HERE ARE SOME OPTIONS:
Stamp with found objects/surfaces: Use bubble wrap, scrunched up paper towels, old sweaters, corrugated cardboard, things from the hardware store, kitchen utensils, body parts, etc. Use your imagination and share it with us in the Flickr discussion board!
Foam stamps + Paint: You can find foam stamps at thrift stores, art supply stores, online, and home decor stores as well. Foam stamps are great to use with paint. The paint likes to cling to them and makes great impressions. To apply paint to a foam stamp, spread paint out on a palette and with a foam brush, brush an even coat over the stamp. Avoid thick, wet, and/or gloppy paint (this will make for messy impressions). If the paint is overly thick, just stamp it off on a file folder first before applying to your page. To clean foam stamps used with paint: drop in water, scrub with a toothbrush, blot dry and you're done! NOTE: I don't recommend using foam stamps with ink pads because they are sponges and suck up the ink. It's a pain to clean them off. That being said, they certainly can be used with ink, just be aware of the clean up issue.
Rubber stamps + Ink pads: The thing about rubber stamps is that you can get much finer imagery. The depth of detail is greater with rubber than foam. I prefer permanent ink pads because the ink will not wipe off when I use anything wet on it or near it, such as Mod Podge or paint. As you collect stamps, shop the sales, garage sales, and ask your friends. Many folks have collected rubber stamps and don't use them any more! Look for images that resonate with you and make good metaphors for journaling. In general, I avoid "cutesy" but that's a personal choice. Cleaning rubber stamps: I go over cleaning rubber stamps in the following video, but here are two more tips: 1. Make sure you clean your rubber stamps if you use them with more than one color of ink pad in a sitting. 2. Also, make sure you page is dry (paint or mod podge) before stamping with ink pads because the paint can get onto the pads and ruin them.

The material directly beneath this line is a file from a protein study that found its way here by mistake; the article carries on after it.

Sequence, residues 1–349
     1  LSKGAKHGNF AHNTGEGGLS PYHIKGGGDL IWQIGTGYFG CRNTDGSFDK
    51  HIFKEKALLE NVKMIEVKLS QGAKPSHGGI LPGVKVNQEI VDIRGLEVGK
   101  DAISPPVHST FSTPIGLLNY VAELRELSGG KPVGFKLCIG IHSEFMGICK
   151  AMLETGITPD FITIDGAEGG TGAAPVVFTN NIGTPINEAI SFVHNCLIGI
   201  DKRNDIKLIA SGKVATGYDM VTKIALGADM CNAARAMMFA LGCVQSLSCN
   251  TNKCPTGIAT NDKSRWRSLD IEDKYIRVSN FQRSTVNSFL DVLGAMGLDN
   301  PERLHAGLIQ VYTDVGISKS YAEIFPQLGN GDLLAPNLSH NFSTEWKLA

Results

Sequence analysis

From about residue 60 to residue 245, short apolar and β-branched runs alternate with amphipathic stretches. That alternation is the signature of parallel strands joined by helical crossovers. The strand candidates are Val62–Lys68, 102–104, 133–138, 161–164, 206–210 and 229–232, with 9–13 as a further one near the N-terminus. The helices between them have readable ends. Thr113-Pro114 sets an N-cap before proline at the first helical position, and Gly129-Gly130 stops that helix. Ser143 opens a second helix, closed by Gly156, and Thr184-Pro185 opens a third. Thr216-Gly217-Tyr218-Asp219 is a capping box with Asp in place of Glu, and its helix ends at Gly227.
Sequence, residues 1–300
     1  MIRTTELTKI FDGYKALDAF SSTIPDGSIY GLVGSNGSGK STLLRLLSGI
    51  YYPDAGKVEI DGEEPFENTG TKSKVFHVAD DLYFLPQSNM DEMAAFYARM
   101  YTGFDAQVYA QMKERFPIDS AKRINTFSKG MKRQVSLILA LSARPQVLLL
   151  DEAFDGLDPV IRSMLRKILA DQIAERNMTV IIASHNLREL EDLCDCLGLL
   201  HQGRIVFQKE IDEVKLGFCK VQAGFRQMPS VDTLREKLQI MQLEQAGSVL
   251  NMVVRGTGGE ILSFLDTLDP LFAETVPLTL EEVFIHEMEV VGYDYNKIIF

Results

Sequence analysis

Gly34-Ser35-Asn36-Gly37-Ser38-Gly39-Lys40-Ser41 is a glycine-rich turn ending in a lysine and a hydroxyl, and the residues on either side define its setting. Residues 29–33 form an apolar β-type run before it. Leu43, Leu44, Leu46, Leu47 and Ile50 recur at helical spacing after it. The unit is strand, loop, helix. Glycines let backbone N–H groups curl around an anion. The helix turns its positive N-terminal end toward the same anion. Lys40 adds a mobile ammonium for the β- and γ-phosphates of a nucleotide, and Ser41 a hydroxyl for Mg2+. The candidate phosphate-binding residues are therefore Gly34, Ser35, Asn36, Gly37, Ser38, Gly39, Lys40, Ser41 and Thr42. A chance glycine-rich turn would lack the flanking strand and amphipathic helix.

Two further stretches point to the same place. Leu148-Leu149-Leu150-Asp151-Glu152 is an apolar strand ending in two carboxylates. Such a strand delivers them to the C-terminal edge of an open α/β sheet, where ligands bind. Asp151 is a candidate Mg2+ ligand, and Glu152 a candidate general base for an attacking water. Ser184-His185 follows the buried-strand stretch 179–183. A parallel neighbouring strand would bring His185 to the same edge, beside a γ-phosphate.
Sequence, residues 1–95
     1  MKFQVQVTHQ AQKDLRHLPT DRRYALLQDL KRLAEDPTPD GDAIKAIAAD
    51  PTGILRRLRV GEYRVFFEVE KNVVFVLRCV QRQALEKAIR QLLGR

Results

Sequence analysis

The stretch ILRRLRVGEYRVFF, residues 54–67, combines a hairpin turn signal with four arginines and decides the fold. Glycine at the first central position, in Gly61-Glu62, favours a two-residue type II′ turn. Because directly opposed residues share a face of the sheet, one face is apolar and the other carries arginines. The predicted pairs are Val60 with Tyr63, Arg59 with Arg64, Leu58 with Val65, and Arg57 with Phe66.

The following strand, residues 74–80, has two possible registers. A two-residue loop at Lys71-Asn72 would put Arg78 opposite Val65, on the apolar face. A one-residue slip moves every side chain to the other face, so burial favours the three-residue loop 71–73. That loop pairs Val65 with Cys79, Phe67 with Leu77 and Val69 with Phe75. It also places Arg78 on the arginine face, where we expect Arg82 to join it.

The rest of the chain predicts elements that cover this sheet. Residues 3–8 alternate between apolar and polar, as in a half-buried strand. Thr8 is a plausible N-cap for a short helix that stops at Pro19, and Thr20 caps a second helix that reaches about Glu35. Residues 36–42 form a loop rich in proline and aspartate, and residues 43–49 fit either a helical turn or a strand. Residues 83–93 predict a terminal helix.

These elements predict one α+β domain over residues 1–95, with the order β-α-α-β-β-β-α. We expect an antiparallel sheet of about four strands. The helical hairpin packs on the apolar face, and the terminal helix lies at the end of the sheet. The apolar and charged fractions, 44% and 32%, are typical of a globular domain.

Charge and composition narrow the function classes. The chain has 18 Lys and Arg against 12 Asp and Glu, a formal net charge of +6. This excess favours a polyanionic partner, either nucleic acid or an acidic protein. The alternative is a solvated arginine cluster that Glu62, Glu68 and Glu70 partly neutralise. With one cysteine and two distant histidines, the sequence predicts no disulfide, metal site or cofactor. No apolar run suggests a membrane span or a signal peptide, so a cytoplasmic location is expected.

HERE ARE SOME EXAMPLES OF WAYS I'VE STAMPED ON MY PAGES TO CREATE BACKGROUNDS. CLICKING ON A PICTURE WILL ENLARGE IT. FEEL FREE TO ASK QUESTIONS ABOUT THEM IN OUR FACEBOOK GROUP.
And here's a special bonus quick tutorial on making and using a foam block stamp!
Stamps definitely lend themselves to adding imagery to your pages. I have a large collection of stamps that I've made myself and that I've bought that call out to be used with regularity on my pages. Some of my favorite images are feathers, wings, eyes, and keys. What are some of your favorite symbols? Look for them in stamps when you start collecting.
HERE ARE SOME EXAMPLES OF WAYS I'VE STAMPED ON MY PAGES TO ADD SYMBOLISM. CLICKING ON A PICTURE WILL ENLARGE IT. FEEL FREE TO ASK QUESTIONS ABOUT THEM IN OUR FACEBOOK GROUP.
LETTERS AND WORDS
I love using letters and words in my journal pages as both information (telling the story) and imagery or pattern. You will find more of my pages taken over by stamped words than images.
HERE ARE SOME EXAMPLES OF WAYS I'VE STAMPED ON MY PAGES WITH WORDS. CLICKING ON A PICTURE WILL ENLARGE IT. FEEL FREE TO ASK QUESTIONS ABOUT THEM IN OUR FACEBOOK GROUP.
3. JOURNALING PROMPTS
A JOURNALING PROMPT IS LIKE A LITTLE SHOVEL...IT HELPS YOU DIG UP MATERIAL FOR YOUR PAGES!
Here are Lesson 4's journaling prompts. Remember, using a prompt is always optional. Coming from a place of "I don't know" is always the first goal of art journaling from the heart!